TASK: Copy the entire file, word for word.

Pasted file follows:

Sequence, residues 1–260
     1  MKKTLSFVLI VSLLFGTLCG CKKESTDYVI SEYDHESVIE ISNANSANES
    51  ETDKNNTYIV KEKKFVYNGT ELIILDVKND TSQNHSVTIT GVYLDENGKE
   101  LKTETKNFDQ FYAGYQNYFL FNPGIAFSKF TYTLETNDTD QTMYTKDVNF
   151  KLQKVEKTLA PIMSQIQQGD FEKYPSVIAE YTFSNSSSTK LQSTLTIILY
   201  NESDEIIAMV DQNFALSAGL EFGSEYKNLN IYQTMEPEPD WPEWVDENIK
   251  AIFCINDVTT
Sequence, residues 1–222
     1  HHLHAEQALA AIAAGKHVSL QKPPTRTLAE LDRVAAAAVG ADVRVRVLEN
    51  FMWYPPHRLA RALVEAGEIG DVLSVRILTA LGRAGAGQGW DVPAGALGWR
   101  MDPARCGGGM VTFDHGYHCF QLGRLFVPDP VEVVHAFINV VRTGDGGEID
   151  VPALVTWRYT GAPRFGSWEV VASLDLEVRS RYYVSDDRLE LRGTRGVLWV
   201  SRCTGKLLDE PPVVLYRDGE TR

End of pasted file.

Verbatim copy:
Sequence, residues 1–260
     1  MKKTLSFVLI VSLLFGTLCG CKKESTDYVI SEYDHESVIE ISNANSANES
    51  ETDKNNTYIV KEKKFVYNGT ELIILDVKND TSQNHSVTIT GVYLDENGKE
   101  LKTETKNFDQ FYAGYQNYFL FNPGIAFSKF TYTLETNDTD QTMYTKDVNF
   151  KLQKVEKTLA PIMSQIQQGD FEKYPSVIAE YTFSNSSSTK LQSTLTIILY
   201  NESDEIIAMV DQNFALSAGL EFGSEYKNLN IYQTMEPEPD WPEWVDENIK
   251  AIFCINDVTT
Sequence, residues 1–222
     1  HHLHAEQALA AIAAGKHVSL QKPPTRTLAE LDRVAAAAVG ADVRVRVLEN
    51  FMWYPPHRLA RALVEAGEIG DVLSVRILTA LGRAGAGQGW DVPAGALGWR
   101  MDPARCGGGM VTFDHGYHCF QLGRLFVPDP VEVVHAFINV VRTGDGGEID
   151  VPALVTWRYT GAPRFGSWEV VASLDLEVRS RYYVSDDRLE LRGTRGVLWV
   201  SRCTGKLLDE PPVVLYRDGE TR